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Red Rust of Wheat

By Al Lowe
Contributor

Did you ever see a cloud of red dust rising from the field, as a farmer harvested his wheat? Or grain stubble with long black streaks on it? Or small yellow 'cups' on the underside of a Common Barbarry leaf? These are all part of the life cycle of the infamous Wheat Rust (Puccinia graminis).
This disease has a very complicated life cycle. It is a fungus plant, and so reproduces by means of spores. But this one actually produces four totally different kinds of spores during its annual life cycle. The most noticeable part of the cycle, and the costly part, is the red rust stage.
In the spring and early summer when wheat is growing fastest, rusty red blisters appear on the young plants. These are just the spore part of the disease. The plant itself grows all through the wheat in the form of a mass of tiny microscopic threads (biologists call this mycelum). It will grow in both the stems and leaves of the plant. It also grows very quickly, and multiples rapidly. The red-coloured spores are called urdiospores, and can infect more and more wheat at the grain crop grows.
As fall approaches, the mycelium changes its pattern, and now produces teliospores. These are black, and show up as streaks on the stems and leaves of grain. The disease goes through the winter in this black-spore stage. The spores have very thick walls, enabling them to withstand the cold weather, even here in Northern Ontario. The black spores cannot infect wheat at all.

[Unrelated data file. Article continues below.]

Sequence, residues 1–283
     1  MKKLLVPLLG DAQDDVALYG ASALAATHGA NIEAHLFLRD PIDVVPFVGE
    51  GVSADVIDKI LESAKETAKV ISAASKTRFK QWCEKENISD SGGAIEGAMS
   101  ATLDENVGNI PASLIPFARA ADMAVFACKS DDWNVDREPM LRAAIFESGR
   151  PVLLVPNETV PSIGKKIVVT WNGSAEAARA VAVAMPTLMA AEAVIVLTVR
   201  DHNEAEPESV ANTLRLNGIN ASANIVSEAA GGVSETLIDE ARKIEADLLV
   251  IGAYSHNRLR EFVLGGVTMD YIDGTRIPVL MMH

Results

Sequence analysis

In the spring, a very odd thing happens. These teliospores start to develop two little stems. On each of these are four small round spores, called basidiospores. These cannot infect wheat either, but they can grow on the Common Barberry (not the cultivatede Japanese Barberry). These microsopic spores develop a little cup-shaped lesion on the underside of the Barberry leaf. The cup is full of small round spores, called aeciospores. And it is these which can infect the young wheat, starting the cycle again.
So this fungus disease has a very, very complicated life cycle - it involves four different kinds of spores, and two entirely different plants. To stop it, you need to break the life cycle in some way. Of course, the simplest thing to do is to get rid of the Barberry. This is exactly what has been done (or tired) for a great many years. barberry has been eliminated from great areas of Canada and the U.S.
As with everything, there is a catch or two. For one thing, the red rust spores can be carried for immense distances by the wind - from Mexico to the Canadian prairies, for instance. For another, in mild winters, the red spores may not all be killed, so in the spring, they just skip the black and barberry stages, and re-infect the wheat directly.
Agricultural scientists are continually coming up with varieties of rust resistant wheat. These are not infected very much by the Wheat Rust. But this lasts only for a few years, until the rust itself adapts so that it can infect the new crop. Then comes another rust-resistant variety, and so on. The battle between crop scientists and Wheat Rust goes on and on. This disease costs millions and millions of dollars every year. Only constant research enables us to keep ahead of it.